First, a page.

The caveat to the Nats’ shortstop problem is that it doesn’t look like Turner will be out for long. For a couple of days, Arteaga or even Escobar are good remedies. But if Turner’s injury extends to one season on the disabled list, the Nats might consider turning to one of the top two prospects: Luis Garcia or Carter Kieboom. The shine is gone from these two, but they are still tremendously promising, and both are winning Triple-A. The problem is that neither of them is shaping up to be shortstop. Garcia has started 25 games short at Rochester, but has been grappling with his own injury concerns.
Garcia, still 21, is the only inside option for the Nats who has any chance of holding the line in the event of a Turner injury. That said, there is no replacement for Turner, who has been among the game’s most productive regulars at 3.6 fWAR, tied for sixth among ranked position players in the majors.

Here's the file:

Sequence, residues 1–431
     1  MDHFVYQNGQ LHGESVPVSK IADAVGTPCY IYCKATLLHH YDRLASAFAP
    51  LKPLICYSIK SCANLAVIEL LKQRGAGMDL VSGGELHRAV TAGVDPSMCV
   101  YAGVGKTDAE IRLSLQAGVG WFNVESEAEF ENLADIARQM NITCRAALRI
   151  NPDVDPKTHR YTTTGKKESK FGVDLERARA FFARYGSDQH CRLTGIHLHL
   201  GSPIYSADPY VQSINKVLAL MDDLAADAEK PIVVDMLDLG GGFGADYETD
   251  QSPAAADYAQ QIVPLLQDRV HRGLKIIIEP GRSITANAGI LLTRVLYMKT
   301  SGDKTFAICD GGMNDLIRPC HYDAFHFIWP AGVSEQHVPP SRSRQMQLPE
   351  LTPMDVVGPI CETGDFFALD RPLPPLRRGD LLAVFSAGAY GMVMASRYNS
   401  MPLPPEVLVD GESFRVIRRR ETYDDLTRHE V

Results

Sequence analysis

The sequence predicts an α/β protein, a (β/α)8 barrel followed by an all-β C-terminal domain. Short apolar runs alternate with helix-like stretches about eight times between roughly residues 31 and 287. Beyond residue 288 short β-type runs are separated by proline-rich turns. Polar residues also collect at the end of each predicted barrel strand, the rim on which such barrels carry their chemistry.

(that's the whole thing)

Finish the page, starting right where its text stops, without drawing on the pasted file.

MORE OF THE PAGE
Going back to left field, the Nats are going to have a similar problem replacing Schwarber. Gerardo Parra will be in the lineup until a move is made on the roster, but beyond Parra, only Josh harrison has experience in gardens. Some sort of move on the roster should come soon, as the Nats are playing off a two-man bench if Schwarber and Turner aren’t available.
Parra’s contributions as a clubhouse presence can’t be discounted, not when “Baby Shark” continues to rev Nats Park’s engines every time he steps up to the plate. With the ability to play all three field venues, Parra certainly adds enough value to maintain a spot on the roster, but he’s too widespread as an everyday player.